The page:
The most productive discussion today might be exploring our various experiences and prospects in light of our different situations.

Reviewing the work of the Political Action Commission
Our work in this election was many sided and informed by the local reports from districts at our twice monthly meetings about campaigns on the ground. It included assisting with local coverage of key races and issues in People’s World, arranging for translation of election articles for Nuestro Mundo, and circulating election articles from People’s World on social media.

Our work included producing literature including A Handy Guide to Capitalism, Socialism and Democracy (produced in Ohio in English and Spanish), Immigration Myth v. Fact (bi-lingual), and producing downloadable flyers Beware the Trump and Defeat Trump, Defeat Racism.

Our work included an emphasis on voter registration, education and turnout using the People’s World Vote Card to sign up people to receive headlines by e-mail during voter registration tabling and going door-to-door.

Our work also included CPUSA endorsement and participation in Democracy Spring and Democracy Awakening marches and the Climate march in Philadelphia with our banner “One Person, One Vote.”  It included participation in caucus meetings and other events during the Democratic National Convention in Philadelphia where 7,000 copies of the Handy Guide were distributed and a Communist Party was staffed at Progressive Democrats for America’s Progressive Central.

Our work included developing an action plan to assist district and clubs to educate and involve members and build unity in the elections especially with labor and around issue mobilizations.  It included preparing two webinars with the Education Commission and the Labor Commission, frequent e-mail blasts and weekly reports to the Coordinating Committee, and frequent reports to the National Board and National Committee.

The Youth Collective held a voter registration camp in St. Louis, MO.  We participated with a national battleground phone bank in Florida.  A national phone bank to new Communist Party members was organized.

While the overall results did not turn out the way we hoped, all the amazing efforts during the primaries and during the general election place the Communist Party and People’s World in position going forward in this fight of our lives for basic democracy and the future of our planet.  We are in place to develop tactics required for broad unity in the resistance to Trump and the Republicans, and to grow our organization.

Photo: Creative Commons 3.0


    Joelle Fishman chairs the Connecticut Communist Party USA. She is a Commissioner on the City of New Haven Peace Commission, serves on the executive board of the Alliance of Retired Americans in Connecticut and is an active member of many economic rights and social justice organizations. She was a candidate for Congress from 1973 to 1982, maintaining minor-party ballot status for the Communist Party in Connecticut's Third Congressional District. As chair of the CPUSA Political Action Commission, she has played an active role in the broad labor and people's alliance that defeated the ultra-right in the 2008 elections and continues to mobilize for health care, worker rights and peace.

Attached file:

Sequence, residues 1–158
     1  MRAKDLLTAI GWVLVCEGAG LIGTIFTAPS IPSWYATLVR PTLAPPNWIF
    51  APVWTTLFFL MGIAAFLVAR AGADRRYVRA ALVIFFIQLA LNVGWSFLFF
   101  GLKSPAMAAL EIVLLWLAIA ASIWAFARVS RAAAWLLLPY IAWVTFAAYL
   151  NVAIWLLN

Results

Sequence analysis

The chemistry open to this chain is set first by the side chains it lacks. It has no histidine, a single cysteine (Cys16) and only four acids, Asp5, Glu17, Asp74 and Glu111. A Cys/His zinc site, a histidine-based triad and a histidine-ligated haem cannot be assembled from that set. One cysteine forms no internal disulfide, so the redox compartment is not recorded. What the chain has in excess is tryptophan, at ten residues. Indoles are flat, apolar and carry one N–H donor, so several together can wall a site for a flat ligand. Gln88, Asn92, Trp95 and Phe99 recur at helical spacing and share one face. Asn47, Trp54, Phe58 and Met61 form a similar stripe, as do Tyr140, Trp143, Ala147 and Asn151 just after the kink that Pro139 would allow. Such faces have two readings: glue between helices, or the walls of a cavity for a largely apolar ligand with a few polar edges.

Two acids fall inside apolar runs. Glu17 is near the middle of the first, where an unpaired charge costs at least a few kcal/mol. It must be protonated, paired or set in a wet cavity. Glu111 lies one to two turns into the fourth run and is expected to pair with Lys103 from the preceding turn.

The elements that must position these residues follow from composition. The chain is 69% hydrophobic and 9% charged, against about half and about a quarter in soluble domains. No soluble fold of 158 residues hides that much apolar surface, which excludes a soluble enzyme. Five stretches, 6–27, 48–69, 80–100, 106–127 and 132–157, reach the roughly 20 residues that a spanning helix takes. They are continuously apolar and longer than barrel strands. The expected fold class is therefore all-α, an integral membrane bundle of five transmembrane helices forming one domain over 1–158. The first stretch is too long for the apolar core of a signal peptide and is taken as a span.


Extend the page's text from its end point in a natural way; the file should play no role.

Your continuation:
Comments (7)

Open minded anticommunist | January 05, 2017 at 10:12 PM

Dear Joelle,
Where exactly in the usa do African Americans get bullied?

    M | February 01, 2017 at 2:30 PM

    Hopefully this report provides you with an idea of the bias approach the American Criminal Justice System, “Approximately 12–13% of the American population is African-American, but they make up 35% of jail inmates, and 37% of prison inmates of the 2.2 million male inmates as of 2014 (U.S. Department of Justice, 2014).”

Gene Lantz | December 31, 2016 at 1:40 AM

Excellent report. I appreciate the conclusions reached, too.

Tom | December 04, 2016 at 6:36 AM

If I read this entire rant I’d probably kill myself lol..
Let me ask one question in three parts…
1) how does capital gains taxes
Help (a) business growth
(B) jobs growth
(C) compassion to pay not only healthcare for employees.but also extremely heightened healthcare rates that ultimately pay for other free healthcare and stay in business???????????anyone?????

Norman Markowitz | November 29, 2016 at 10:16 PM

Excellent report Joelle. Our fact sheet on immigration and Rick Nagin’s article on Socialism and Democracy were especially valuable. In speaking with Trump voters I found that most were uneasy with Trump but many believed his portayal of Clinton as a corrupt tool of Wall Street,however irrational that is. A few of the younger ones(and there were very few) had a kind of nihilistic sense, that Trump would break up the system, and whatever he did that was good. But Trump lost decisively here in New Jersey, lost the popular vote by 2.2 million and going up,as of now, and faces a more militant opposition than he did during the campaign, as the leadership of the Democratic Party is shifting away from Clinton supporters. And Trump’s response so far is to continue his reckless demagoguery, undermining the position of the establishment forces who are saying give him a chance and grasping at every straw to show that he is becoming more “moderate” without minimizing the dangers, we make this defeat a beginning for major victories in the near future

Matt Stange | November 28, 2016 at 5:40 AM

Agreeing with the rest of the article, but I feel like the International Primate Protection League, Doris Day Animal League and Earth Island Institute are better than the EPA due to the fact that it performs many unnecessary chemical tests on animals.

    Matt Stange | November 28, 2016 at 5:42 AM

    Sorry for any confusion. I meant the EPA, rather than those other organizations, doing aforementioned tests.